Was the Real St. Nick Better than Santa Claus?
How did he move from being "St. Nicholas" to being "Santa Claus"?
His association with children is a much later development. There is a story that arose in the Middle Ages about him saving three youths from death: Three young children go into an evil inn-keeper's inn and are butchered and pickled in barrels, and then Nicholas comes along and restores them to life. It's with that story that his association with children begins.
Given this rich history, should Christians continue to play the charade with their children about Santa Claus bringing gifts?
I resonate with that concern. But at Christmas, we have an opportunity to highlight a core Christian value, which is loving our neighbors. By highlighting St. Nicholas, we can recover an alternative to commercialization and greed, celebrating the life of a true Christian example, who gave of his own, who helped the less fortunate, and who shared the love of Christ.
When it comes to telling children about Santa Claus, we tell our daughter the truth: That there was a good pastor who existed many years ago and did many wonderful things, and that mommies and daddies like to carry on his tradition by giving secret gifts to their children. I certainly don't blame parents for wanting to play along with Santa, but I think you can do it just as well and enrich the season by telling the truth about Santa Claus and St. Nicholas.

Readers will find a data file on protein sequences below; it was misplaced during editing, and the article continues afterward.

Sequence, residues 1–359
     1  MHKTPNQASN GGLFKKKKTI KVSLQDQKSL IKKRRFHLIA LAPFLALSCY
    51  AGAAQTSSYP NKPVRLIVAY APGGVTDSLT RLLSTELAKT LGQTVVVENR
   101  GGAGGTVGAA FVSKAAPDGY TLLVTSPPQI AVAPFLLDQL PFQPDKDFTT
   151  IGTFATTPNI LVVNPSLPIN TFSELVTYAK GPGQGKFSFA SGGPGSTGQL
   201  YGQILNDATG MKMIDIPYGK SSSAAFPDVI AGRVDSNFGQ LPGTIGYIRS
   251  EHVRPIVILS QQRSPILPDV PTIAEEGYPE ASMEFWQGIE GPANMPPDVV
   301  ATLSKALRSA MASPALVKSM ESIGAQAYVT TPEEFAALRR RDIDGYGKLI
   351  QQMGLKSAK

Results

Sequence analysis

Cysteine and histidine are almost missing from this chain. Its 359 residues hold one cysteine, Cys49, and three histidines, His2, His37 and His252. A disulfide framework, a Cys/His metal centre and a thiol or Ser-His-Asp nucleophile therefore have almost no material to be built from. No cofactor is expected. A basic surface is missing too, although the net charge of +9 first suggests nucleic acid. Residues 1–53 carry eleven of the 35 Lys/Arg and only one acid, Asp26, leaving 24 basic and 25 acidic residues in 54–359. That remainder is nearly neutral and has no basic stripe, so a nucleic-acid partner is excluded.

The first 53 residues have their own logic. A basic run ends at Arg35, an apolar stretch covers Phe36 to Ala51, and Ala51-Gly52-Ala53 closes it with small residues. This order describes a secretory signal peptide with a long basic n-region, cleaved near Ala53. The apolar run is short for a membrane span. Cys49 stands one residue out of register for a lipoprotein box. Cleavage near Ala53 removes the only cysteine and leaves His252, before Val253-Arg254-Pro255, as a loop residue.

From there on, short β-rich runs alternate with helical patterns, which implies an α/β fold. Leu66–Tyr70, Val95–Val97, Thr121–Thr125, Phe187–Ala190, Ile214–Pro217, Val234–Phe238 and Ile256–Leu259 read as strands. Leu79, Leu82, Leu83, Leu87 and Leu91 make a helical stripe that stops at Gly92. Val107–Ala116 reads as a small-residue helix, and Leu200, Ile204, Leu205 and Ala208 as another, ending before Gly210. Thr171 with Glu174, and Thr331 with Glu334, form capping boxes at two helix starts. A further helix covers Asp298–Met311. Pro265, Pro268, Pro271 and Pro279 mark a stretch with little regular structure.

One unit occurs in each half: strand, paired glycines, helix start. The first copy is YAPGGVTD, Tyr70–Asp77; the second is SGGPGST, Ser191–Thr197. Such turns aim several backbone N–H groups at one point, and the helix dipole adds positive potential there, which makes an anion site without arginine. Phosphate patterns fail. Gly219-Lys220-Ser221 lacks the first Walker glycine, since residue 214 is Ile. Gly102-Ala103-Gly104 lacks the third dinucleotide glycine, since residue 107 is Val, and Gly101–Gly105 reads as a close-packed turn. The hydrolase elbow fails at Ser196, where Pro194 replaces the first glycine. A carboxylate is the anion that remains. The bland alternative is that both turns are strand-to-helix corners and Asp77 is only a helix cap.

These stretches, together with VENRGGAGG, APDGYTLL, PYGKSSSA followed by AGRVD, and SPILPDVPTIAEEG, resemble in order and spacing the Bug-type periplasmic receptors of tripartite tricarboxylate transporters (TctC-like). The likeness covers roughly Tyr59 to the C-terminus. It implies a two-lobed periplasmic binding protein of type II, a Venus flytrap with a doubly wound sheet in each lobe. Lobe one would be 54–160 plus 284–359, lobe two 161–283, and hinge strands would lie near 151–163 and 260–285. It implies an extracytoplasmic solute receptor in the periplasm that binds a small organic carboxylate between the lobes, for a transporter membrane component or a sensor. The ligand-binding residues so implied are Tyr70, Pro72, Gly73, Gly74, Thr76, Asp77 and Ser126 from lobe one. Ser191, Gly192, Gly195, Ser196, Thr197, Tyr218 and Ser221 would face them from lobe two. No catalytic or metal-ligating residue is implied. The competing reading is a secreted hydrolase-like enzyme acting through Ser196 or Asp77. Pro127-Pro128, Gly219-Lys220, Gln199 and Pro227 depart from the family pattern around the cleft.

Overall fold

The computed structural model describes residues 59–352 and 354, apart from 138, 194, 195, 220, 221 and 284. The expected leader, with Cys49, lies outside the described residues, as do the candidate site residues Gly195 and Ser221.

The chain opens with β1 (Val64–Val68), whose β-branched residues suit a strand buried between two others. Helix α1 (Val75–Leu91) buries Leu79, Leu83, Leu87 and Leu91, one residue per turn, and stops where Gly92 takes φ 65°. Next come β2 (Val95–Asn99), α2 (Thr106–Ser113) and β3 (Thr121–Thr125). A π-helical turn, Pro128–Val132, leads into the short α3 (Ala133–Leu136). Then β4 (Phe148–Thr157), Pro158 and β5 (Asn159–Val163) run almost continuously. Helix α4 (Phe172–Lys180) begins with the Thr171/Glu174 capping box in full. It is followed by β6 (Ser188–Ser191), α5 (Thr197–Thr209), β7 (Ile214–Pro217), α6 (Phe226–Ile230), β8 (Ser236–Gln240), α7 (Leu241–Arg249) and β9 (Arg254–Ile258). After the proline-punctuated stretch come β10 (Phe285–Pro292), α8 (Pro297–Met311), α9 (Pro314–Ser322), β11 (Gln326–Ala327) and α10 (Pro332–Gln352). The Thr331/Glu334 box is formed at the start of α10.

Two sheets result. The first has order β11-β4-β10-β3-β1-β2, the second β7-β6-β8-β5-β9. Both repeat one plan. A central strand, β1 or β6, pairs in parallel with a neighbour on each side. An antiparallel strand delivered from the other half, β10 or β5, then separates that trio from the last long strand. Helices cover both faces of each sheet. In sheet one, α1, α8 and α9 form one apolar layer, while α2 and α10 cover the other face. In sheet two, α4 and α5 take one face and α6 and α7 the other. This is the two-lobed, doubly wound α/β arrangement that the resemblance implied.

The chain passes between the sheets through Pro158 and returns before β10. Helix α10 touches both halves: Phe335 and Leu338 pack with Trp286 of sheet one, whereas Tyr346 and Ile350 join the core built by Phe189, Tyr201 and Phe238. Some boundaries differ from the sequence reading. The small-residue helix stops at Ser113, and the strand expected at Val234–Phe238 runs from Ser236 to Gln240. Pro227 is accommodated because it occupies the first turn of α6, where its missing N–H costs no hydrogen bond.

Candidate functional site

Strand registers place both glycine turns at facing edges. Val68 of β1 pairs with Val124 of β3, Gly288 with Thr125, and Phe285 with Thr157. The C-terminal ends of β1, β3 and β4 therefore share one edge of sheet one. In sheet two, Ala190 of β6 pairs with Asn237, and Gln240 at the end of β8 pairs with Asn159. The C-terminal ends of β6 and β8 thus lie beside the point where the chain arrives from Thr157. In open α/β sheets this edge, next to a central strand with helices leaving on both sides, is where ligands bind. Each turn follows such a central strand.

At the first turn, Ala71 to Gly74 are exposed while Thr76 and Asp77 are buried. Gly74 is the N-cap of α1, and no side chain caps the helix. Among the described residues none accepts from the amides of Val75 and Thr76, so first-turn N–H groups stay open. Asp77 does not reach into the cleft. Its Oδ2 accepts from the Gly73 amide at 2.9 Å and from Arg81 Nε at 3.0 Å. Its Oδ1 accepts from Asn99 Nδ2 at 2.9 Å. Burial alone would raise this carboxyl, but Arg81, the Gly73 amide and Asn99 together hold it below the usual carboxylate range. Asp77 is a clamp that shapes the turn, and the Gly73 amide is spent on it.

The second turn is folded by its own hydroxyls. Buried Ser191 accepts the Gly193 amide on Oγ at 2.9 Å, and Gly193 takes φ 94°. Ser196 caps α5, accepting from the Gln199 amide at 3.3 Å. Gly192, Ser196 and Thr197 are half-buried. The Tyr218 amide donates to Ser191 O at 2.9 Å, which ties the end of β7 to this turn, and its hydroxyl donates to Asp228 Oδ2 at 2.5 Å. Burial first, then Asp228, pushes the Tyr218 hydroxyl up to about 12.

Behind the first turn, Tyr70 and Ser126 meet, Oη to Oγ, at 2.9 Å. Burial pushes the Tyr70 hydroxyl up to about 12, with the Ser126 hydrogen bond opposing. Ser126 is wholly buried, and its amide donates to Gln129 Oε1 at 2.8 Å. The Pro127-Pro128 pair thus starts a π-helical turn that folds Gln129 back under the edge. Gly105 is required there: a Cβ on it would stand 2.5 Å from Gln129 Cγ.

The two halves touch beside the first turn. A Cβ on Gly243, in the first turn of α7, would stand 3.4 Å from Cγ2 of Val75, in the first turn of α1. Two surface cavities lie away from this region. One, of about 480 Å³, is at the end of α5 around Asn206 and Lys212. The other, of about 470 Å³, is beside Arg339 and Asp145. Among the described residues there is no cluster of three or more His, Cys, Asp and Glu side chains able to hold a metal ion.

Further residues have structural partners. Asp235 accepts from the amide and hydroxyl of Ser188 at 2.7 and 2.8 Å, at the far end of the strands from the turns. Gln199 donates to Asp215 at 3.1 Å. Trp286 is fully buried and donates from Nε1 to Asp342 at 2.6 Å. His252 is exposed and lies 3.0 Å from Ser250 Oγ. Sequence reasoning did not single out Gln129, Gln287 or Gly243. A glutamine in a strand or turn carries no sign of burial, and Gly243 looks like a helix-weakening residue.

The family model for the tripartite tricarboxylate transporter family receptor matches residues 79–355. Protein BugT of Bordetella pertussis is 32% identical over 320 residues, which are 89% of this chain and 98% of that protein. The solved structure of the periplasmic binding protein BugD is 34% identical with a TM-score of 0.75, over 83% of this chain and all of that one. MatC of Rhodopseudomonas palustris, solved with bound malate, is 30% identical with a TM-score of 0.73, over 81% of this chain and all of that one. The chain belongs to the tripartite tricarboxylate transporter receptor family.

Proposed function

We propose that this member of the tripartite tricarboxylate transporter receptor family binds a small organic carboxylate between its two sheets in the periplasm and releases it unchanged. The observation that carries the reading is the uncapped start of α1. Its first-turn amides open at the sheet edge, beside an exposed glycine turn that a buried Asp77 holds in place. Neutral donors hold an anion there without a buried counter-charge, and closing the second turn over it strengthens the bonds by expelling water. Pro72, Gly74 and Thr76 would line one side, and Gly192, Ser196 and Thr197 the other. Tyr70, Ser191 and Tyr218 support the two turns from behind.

What's the future for Santa Claus—and St. Nicholas?
The 20th century has been Santa Claus's century. You think about how popular Santa Claus has been—the number of movies and TV shows, and his ubiquitous presence in people's yards, in their homes, and in shopping malls. But I think people are ready for something more substantial. The original person is much more interesting, because he was real and his deeds are based on goodness rather than on greed and acquisition. I think that we'll see a revival of St. Nicholas's traditions and practices that incorporate this true and historical person into our holiday season.